1. Your sales team is overwhelmed by the number of leads
At large API companies like Twilio and Stripe, the account executives oversee more than 10,000 users. They are actively engaging with between 50-100 accounts at any point while keeping an eye on the remaining users. Such AEs need to make sure they don’t miss out on an upsell opportunity across the entire book.
With so many accounts to manage, your sellers aren’t able to do it in an old-school way. There just isn’t enough bandwidth to schedule calls with a substantial portion of your user base and mentally track how your users are using the product.
One such company we spoke to set up an internal tool that would surface all key product usage metrics for each account to solve this. The seller can double-click into each account to see which integrations the user has set up, how many API calls they have consumed, usage trends over time, and 30+ other behavior metrics. This arms sellers with the context needed to go into a sales call entirely aware of a customer’s needs.
The tool not only helps sellers prioritize but also identifies the ripest accounts for an upsell conversation. This can be done by projecting how many API calls the account will require by the end of the month, based on current usage trends. If it looks like the account will exhaust the API allowance of their current package, this means there is an opportunity for the seller to recommend an upgrade. The buyer also gets to avoid overage costs, so this is a win-win for both parties.
2. Your sales team is scaling, and you wish there was an easier way to upskill new hires
Consider an example: a SaaS unicorn with a search-related product started experiencing a challenge they couldn’t quite articulate between their Series A and B rounds.
At that point, they had reached both product-market fit and go-to-market fit. The company defined a sales process and scaled up the marketing machine to acquire top-of-the-funnel leads. Revenue was starting to grow exponentially.
To handle the explosion in interest, the sales team had to be scaled up quickly. “We quickly moved past being a two-pizza team, to the point where I couldn’t hand-hold and coach every team member personally,” remarked their Head of Sales. He also observed that the average tenure in their sales team was dropping precipitously, such that at one point, it was less than six months.
The original, more experienced sellers had a good instinct for which customers they should focus on and what kind of approach to take depending on their needs. However, as the sales team grew, the new hires didn’t have the time to build up this institutional experience.
That was when the company first felt the pain of a lack of data in their sales approach.
“If we had a sales tool that could use analytics to give us insights on whom to focus on and when to approach, it could be a substitute for the lack of experience, and also hopefully coach our junior sellers along the way.”
3. Your go-to-market motion is defined, and you are now focused on growth
In the initial stages of the SaaS journey, companies are typically more focused on landing marquee customers while slowly and steadily growing revenue and NPS. Once the product becomes stable, exponential growth becomes a priority. Net dollar retention is also a metric that scaling companies begin to care about more and more.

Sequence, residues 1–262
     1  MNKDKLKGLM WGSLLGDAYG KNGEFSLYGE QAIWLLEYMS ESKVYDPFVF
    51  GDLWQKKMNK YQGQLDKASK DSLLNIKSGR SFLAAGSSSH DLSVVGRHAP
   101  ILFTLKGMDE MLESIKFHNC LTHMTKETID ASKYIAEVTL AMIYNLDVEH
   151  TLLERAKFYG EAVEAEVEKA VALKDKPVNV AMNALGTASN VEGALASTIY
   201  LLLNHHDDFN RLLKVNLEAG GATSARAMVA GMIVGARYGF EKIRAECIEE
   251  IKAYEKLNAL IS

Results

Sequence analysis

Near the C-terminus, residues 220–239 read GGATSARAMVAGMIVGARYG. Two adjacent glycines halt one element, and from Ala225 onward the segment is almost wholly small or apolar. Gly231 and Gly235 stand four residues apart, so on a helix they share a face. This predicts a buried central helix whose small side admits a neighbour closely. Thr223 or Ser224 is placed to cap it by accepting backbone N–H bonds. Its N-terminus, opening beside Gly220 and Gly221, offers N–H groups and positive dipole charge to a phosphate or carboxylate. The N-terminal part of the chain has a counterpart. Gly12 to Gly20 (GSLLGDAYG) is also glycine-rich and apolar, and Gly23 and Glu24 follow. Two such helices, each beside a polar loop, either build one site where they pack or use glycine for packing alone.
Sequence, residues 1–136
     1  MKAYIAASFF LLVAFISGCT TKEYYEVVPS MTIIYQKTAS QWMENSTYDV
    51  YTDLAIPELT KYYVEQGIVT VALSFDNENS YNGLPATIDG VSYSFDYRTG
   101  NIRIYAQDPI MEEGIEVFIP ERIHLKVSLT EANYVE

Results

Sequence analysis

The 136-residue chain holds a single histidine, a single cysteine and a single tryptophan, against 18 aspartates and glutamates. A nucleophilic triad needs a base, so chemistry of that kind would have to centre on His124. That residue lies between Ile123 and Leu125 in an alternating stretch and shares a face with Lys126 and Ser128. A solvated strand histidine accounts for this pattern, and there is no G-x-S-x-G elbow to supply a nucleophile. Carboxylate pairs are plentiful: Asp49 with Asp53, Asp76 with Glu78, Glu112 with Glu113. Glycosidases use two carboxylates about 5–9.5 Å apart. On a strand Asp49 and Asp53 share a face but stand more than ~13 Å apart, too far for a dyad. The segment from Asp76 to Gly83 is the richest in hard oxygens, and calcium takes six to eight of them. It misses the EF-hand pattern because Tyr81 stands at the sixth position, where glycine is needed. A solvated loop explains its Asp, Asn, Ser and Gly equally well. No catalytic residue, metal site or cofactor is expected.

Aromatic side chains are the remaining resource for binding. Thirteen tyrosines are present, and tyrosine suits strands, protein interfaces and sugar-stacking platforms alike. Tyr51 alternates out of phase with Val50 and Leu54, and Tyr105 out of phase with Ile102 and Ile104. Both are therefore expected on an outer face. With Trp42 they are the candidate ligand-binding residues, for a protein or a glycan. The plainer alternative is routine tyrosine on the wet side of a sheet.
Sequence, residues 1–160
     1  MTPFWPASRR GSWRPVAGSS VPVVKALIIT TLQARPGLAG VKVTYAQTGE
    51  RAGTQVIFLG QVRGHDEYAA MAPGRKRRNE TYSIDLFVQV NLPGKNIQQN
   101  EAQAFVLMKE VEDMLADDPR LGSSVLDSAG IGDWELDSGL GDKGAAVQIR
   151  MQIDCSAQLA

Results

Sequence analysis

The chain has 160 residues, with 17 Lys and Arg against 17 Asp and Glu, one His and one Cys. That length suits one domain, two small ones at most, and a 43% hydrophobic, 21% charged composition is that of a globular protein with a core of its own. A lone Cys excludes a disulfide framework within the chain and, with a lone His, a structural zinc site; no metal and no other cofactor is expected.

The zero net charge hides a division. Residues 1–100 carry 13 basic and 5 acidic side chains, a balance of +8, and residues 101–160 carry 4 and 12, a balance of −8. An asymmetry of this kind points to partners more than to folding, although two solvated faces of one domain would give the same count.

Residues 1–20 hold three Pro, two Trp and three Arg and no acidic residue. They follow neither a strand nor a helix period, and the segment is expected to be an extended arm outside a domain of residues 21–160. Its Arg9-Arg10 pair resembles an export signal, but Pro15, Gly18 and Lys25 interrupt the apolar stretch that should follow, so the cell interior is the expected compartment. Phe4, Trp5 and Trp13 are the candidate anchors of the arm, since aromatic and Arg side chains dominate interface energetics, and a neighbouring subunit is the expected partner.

Having a sales tool ensures your sellers are approaching the right leads. Many startups begin their journey by trying to close any customer that shows some degree of interest. However, as the customer base scales, the company may quickly realize that more qualified leads can increase sales efficiency and reduce churn down the line.
In the past, sellers used to qualify leads by asking suitable discovery questions. Today, at PLG companies, qualification should happen within the product itself. Companies can identify the customers with the highest intent by looking for the highly engaged users within their self-serve product or displaying the right mix of usage patterns. Down the road, these customers will not churn and also act as evangelists – this ensures that the viral growth of your product continues.
All in all, a sales tool that provides Product Qualified Leads can ensure more robust long-term growth and higher net dollar retention.
4. You have a suspicion that your sales approach is not data-driven enough, and you are leaving money on the table
We spoke to a company making a video editor that was experiencing viral growth. The founders always felt that there was a lot of untapped potential in their go-to-market process.
“We mostly used simple demographic factors to prioritize which customers the sales team should approach. Things like which country the user is from.” However, the company felt that there was potential to leverage their product usage data to prioritize their sales efforts better, as the sales team was conducting high-velocity low-touch sales. Since the sales process mostly involved only one call, pre-qualifying leads through the product would massively increase seller productivity.
Tapping into product-usage data while selling a fundamentally high-growth product is pouring fuel onto the fire. Even with solid growth, ensuring sellers spend time on the right leads can increase productivity for your sellers by more than 50%. Especially for high-velocity, one-touch sales, being able to focus on the right leads and reaching out at the right time would make a huge difference in the number of deals closed per quarter.
Do you feel the need to leverage product usage and other types of data for your sales efforts? Do any of the above situations sound like where your team is at right now? HeadsUp is here to help, and we’d love to chat!
Illustrations by Storyset